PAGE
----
Pigeons are no birdbrains, according to a New Zealand-German study that found they can distinguish real written words from non-words.
According to a report by news agency Xinhua, published on the IOL website, pigeons can visually process letter combinations to identify real words in English, researchers from New Zealand’s University of Otago and Germany’s Ruhr University said in a statement today (Monday 19 September).
They found that pigeons were the first non-primate species with “orthographic” skills related to the conventions of spelling abilities, and they performed on a par with baboons in such a complex task.
In an experiment, pigeons were trained to peck four-letter English words as they came up on a screen, or to instead peck a symbol when a four-letter non-word, such as “URSP,” was displayed. The researchers added words one by one with the four pigeons in the study, eventually building vocabularies ranging from 26 to 58 words and over 8,000 non-words.
To check whether the pigeons were learning to distinguish words from non-words rather than merely memorising them, the researchers introduced words the birds had never seen before. The pigeons correctly identified the new words as words at a rate significantly above chance.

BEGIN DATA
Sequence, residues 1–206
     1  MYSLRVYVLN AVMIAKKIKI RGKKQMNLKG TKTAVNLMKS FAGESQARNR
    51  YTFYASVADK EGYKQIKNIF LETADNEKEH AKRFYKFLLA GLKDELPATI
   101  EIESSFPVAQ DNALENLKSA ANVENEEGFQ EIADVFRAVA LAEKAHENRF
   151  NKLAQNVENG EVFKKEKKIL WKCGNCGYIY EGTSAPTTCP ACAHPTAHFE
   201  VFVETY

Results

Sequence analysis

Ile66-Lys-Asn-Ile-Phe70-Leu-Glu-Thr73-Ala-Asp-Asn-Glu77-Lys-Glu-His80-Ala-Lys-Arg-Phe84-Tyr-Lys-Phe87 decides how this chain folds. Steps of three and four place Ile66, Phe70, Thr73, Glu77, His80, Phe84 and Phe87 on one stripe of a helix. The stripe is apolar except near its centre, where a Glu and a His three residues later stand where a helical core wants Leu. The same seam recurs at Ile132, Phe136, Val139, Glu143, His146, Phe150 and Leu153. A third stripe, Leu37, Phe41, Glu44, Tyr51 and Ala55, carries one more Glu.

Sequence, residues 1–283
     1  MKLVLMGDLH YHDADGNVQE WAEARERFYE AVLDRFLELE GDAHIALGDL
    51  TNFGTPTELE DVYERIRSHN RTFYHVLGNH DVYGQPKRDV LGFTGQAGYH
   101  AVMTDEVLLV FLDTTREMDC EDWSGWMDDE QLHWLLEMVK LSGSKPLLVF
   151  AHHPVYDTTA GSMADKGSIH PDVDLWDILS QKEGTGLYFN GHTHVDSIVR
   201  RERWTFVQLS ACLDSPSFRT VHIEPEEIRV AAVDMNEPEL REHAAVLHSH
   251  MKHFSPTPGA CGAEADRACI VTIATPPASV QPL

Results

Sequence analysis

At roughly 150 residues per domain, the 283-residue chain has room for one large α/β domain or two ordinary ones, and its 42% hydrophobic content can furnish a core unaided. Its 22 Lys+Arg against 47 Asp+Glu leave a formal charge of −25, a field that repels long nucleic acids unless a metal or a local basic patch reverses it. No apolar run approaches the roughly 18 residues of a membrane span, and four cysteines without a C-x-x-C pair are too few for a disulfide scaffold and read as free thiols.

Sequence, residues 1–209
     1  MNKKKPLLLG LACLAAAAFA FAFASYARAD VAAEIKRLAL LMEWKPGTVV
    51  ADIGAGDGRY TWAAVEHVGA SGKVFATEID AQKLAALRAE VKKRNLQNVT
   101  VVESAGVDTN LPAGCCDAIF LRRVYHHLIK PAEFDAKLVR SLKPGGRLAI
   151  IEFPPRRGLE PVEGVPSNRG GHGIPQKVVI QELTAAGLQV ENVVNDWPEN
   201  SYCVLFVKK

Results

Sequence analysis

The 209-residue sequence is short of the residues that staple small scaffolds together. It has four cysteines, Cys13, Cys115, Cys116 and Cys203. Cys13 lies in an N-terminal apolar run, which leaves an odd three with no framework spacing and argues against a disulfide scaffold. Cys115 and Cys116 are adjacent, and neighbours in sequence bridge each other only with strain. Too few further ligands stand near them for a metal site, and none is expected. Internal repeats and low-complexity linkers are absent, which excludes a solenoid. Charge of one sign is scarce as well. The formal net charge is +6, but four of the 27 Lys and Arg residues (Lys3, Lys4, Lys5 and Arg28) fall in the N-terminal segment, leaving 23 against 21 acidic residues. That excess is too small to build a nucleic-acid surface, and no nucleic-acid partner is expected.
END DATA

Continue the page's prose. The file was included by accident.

First author of the study Damian Scarf of Otago’s Department of Psychology said in the statement that they performed the feat by tracking the statistical likelihood that “bigrams” – letter pairs such as “EN” and “AL” – were more likely associated with words than non-words.
“That pigeons separated by 300 million years of evolution from humans, and having vastly different brain architectures, show such a skill as orthographic processing is astonishing,” researcher Onur Gunturkun, of Ruhr University, said in the statement.
Otago researcher Michael Colombo said in the statement that “We may have to seriously re-think the use of the term ‘birdbrain’ as a put down.”